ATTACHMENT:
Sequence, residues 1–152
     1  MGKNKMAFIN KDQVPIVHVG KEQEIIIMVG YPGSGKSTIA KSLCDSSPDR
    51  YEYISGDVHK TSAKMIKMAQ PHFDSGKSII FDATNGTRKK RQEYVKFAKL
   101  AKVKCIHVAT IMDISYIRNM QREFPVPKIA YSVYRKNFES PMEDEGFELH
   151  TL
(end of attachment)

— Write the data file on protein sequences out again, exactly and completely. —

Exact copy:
Sequence, residues 1–152
     1  MGKNKMAFIN KDQVPIVHVG KEQEIIIMVG YPGSGKSTIA KSLCDSSPDR
    51  YEYISGDVHK TSAKMIKMAQ PHFDSGKSII FDATNGTRKK RQEYVKFAKL
   101  AKVKCIHVAT IMDISYIRNM QREFPVPKIA YSVYRKNFES PMEDEGFELH
   151  TL